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How to Confirm Navy Records of Dishonorable Discharge

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A dishonorable discharge is given when a naval service member is discharged as a result of a punishment rendered by court martial. Discharged service members are given a specific form, "DD-214," which lists their discharge date and type. There are four versions of this form, and the service member is given copy one, which has the least information about the reason for discharge. Employers who want to confirm the type of discharge can ask the service member for a copy of his DD-214 form. However, if that is not enough information, an employer can request version four of the DD-214 from the National Archives, which gives the most complete information.

Go to the National Archives website and download form SF-180, which is the general form for requesting military records (see Resources).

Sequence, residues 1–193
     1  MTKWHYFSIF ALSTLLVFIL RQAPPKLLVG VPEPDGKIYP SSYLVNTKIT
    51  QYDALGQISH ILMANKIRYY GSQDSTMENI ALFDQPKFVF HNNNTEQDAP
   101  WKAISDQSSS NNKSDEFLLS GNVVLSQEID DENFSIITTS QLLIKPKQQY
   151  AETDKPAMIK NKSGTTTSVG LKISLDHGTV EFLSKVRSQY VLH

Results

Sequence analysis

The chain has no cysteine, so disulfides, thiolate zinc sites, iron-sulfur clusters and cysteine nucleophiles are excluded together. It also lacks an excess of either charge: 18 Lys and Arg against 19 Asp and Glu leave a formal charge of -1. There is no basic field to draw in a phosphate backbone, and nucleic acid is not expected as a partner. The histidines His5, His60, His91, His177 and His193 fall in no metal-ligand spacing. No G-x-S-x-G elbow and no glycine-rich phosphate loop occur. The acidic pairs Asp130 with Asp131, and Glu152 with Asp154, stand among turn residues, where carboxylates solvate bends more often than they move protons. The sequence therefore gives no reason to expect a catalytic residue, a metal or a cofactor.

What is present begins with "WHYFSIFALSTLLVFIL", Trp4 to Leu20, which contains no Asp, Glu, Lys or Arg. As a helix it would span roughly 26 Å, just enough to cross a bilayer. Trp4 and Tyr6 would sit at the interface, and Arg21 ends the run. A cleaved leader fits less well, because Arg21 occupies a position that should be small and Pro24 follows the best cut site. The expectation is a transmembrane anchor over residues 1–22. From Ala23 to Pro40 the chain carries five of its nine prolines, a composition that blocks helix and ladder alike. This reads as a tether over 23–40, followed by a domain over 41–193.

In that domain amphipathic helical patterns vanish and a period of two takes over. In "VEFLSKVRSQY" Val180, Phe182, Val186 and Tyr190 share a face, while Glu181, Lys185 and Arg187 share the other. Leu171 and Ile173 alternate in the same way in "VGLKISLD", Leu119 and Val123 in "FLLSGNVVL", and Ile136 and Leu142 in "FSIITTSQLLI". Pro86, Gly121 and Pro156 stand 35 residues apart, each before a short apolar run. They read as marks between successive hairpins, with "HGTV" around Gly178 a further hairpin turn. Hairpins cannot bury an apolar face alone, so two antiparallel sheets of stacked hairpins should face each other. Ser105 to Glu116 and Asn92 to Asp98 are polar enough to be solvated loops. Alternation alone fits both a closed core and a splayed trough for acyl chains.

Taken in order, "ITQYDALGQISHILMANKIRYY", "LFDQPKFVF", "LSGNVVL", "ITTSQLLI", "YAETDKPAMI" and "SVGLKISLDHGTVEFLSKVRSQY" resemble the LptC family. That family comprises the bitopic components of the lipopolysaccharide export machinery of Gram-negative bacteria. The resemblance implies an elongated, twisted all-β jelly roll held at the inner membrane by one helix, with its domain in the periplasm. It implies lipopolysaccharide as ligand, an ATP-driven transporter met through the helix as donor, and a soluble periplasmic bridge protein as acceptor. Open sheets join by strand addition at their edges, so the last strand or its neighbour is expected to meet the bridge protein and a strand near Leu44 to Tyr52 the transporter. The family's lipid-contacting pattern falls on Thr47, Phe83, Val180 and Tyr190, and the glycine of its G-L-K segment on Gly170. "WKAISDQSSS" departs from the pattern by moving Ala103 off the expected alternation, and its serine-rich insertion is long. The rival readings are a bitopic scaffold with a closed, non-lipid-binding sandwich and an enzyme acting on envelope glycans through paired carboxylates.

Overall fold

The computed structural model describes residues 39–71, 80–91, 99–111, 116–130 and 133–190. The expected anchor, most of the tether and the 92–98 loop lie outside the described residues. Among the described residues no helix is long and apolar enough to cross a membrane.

Fill the form out completely. This will require personal information about the service member, including his Social Security number, place of birth, date of birth, and dates he entered and left the service. Ideally, you will also be able to provide his service number, though this is not required.

Check the box for "DD form 214 or equivalent" under Section II and fill in the date of the DD-214 that the service member provided to you. Do not check the "Deleted Copy" box in that same section and question.

Fill out your purpose at the end of Section II, and then fill out your contact information completely in Section III.

Locate the mailing address for the department you need by looking at the chart on page 3 of SF-180. For living naval veterans, there are three possible addresses for you to use, depending on the date they left the service.

Print form SF-180, sign it and mail it to the address you found in the previous step.


Although the National Archives states that most of these requests are processed within 10 days of receiving them, there are always exceptions. Some documents that were damaged in a fire, for example, can take up to six months to locate and process. Be prepared for a wait.


The military is not required to give you access to the more complete discharge record and may deny your request.